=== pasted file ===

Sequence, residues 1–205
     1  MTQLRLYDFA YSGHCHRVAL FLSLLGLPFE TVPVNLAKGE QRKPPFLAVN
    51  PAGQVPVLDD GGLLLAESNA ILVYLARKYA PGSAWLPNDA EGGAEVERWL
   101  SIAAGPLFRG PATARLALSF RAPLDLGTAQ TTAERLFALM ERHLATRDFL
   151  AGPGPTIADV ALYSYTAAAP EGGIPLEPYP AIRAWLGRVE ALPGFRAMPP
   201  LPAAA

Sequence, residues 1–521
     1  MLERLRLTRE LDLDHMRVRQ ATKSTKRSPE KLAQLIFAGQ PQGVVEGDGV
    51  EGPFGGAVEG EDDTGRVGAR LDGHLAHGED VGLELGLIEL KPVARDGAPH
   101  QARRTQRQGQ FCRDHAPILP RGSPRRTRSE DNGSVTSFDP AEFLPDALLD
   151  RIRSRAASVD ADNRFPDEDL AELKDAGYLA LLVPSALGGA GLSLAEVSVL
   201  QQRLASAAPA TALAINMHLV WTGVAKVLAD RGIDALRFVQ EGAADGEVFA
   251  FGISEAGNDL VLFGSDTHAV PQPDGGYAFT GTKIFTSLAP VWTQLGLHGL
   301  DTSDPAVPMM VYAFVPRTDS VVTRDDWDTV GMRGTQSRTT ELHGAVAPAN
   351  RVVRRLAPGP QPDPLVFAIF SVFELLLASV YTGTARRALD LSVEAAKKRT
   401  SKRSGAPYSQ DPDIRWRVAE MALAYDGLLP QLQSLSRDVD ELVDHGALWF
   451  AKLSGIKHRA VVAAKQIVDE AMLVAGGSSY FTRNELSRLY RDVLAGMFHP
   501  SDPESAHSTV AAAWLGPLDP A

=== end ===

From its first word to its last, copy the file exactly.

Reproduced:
Sequence, residues 1–205
     1  MTQLRLYDFA YSGHCHRVAL FLSLLGLPFE TVPVNLAKGE QRKPPFLAVN
    51  PAGQVPVLDD GGLLLAESNA ILVYLARKYA PGSAWLPNDA EGGAEVERWL
   101  SIAAGPLFRG PATARLALSF RAPLDLGTAQ TTAERLFALM ERHLATRDFL
   151  AGPGPTIADV ALYSYTAAAP EGGIPLEPYP AIRAWLGRVE ALPGFRAMPP
   201  LPAAA

Sequence, residues 1–521
     1  MLERLRLTRE LDLDHMRVRQ ATKSTKRSPE KLAQLIFAGQ PQGVVEGDGV
    51  EGPFGGAVEG EDDTGRVGAR LDGHLAHGED VGLELGLIEL KPVARDGAPH
   101  QARRTQRQGQ FCRDHAPILP RGSPRRTRSE DNGSVTSFDP AEFLPDALLD
   151  RIRSRAASVD ADNRFPDEDL AELKDAGYLA LLVPSALGGA GLSLAEVSVL
   201  QQRLASAAPA TALAINMHLV WTGVAKVLAD RGIDALRFVQ EGAADGEVFA
   251  FGISEAGNDL VLFGSDTHAV PQPDGGYAFT GTKIFTSLAP VWTQLGLHGL
   301  DTSDPAVPMM VYAFVPRTDS VVTRDDWDTV GMRGTQSRTT ELHGAVAPAN
   351  RVVRRLAPGP QPDPLVFAIF SVFELLLASV YTGTARRALD LSVEAAKKRT
   401  SKRSGAPYSQ DPDIRWRVAE MALAYDGLLP QLQSLSRDVD ELVDHGALWF
   451  AKLSGIKHRA VVAAKQIVDE AMLVAGGSSY FTRNELSRLY RDVLAGMFHP
   501  SDPESAHSTV AAAWLGPLDP A